When I started associating with the deaf in 1991, I still wear those dorky eyeglasses that keep on falling from my oily nose. I often use my nickname instead of my real name because I’m a junior. My Dad and I have the same name. Since my Dad is also involved with the deaf through me, I decided to use my moniker instead. I’m Jojo Esposa, so my deaf friend Christened me as “sign J-E near right eye corner.” I was stuck with that until now.
Our current Philippine President Gloria Macapagal-Arroyo was given a sign name of “index G hand points to cheek“. This was because of the noticeable mole on her left cheek. Former President Joseph Estrada (1996-2001) has a sign name of “E slicing left wrist“. It was due to his signature wristband. When I first interpreted for the deaf in a congregation, the president then was Fidel Ramos (1991-1996). Since he always sport an unlit tobacco on his mouth, the deaf gave him a sign name of “thumb R near mouth” like holding a cigar.
The Philippine Federation for the Deaf assigned unique Filipino Sign Language (FSL) signs to their deaf colleagues. I said unique because it doesn’t use the first letters of their names. They argued that using the old style of assigning sign names often confuse them with somebody else. So they give signs based on their observations about the deaf’s common gestures, behaviors or even mannerisms. As an example, their President Rack Corpuz was given a sign name “claw hand face down twists clockwise” like turning a person’s head to face you. They gave that sign to her because she always signs that whenever she wants to catch her audience’s attention and to focus more on her.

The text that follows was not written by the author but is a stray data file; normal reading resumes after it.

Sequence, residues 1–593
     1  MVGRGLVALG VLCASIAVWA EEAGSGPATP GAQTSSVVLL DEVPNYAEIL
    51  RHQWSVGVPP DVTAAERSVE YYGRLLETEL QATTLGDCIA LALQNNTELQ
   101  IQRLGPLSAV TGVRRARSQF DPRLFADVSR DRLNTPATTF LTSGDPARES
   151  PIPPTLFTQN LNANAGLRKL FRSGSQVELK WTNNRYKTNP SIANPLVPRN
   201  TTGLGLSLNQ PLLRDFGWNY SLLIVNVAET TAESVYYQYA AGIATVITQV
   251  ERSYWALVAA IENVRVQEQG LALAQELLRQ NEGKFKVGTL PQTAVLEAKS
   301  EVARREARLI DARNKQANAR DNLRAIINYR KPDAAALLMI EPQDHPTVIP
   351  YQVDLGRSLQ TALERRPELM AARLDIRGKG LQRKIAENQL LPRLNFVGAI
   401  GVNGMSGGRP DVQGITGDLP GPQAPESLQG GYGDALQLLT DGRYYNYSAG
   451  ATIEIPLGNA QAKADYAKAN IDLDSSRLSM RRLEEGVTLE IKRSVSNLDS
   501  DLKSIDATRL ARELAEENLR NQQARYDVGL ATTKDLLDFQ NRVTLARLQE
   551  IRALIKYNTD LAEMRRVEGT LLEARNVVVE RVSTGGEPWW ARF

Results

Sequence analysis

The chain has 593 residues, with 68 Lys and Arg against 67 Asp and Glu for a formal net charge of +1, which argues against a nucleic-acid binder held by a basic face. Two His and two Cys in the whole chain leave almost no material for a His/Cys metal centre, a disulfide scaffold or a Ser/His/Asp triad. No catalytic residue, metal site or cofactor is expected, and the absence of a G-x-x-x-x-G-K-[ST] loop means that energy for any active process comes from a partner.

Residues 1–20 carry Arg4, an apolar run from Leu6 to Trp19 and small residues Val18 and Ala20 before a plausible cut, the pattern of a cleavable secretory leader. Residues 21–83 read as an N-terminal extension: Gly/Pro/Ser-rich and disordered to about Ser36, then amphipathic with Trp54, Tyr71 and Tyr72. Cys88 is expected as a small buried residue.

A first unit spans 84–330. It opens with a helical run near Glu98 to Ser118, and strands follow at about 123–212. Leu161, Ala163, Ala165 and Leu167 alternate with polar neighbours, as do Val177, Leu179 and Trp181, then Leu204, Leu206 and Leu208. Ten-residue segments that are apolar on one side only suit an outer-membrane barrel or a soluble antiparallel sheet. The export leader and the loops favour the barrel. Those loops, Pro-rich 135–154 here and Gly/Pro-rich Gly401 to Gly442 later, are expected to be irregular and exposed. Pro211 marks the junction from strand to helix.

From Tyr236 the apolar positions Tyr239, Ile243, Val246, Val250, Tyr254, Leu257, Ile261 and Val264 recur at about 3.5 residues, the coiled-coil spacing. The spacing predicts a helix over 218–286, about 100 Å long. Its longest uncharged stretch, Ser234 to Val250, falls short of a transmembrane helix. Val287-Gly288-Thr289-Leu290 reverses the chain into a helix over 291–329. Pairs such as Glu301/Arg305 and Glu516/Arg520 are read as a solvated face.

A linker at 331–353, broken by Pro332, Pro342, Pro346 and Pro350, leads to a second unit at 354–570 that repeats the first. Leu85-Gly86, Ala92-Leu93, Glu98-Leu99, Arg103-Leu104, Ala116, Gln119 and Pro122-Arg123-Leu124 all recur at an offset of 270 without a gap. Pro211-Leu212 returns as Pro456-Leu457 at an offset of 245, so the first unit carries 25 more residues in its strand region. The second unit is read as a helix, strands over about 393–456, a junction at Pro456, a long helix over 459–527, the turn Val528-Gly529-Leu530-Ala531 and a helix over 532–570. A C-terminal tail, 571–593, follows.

I may not agree with that method. But who am I to contradict? So long as they understand each other, that’s good enough reason for me. 🙂
PS: I am using a code system to refer to a sign. I hope you understand how to execute my sign codes. 🙂
Running, walking, a simple-dressed uptight man, late twenties, carrying gifts bought with hard-earned money planned a pleasant and enjoyable Noche Buena.
“I’ve got to move fast or else the market would be closed and I don’t have time to buy coconut and malagkit (rice cake). Alicia requested me to buy this stuff before going home, ” Isaias murmured remembering what his wife ordered as he passed by Sta. Cruz church at exactly six hours before Christmas.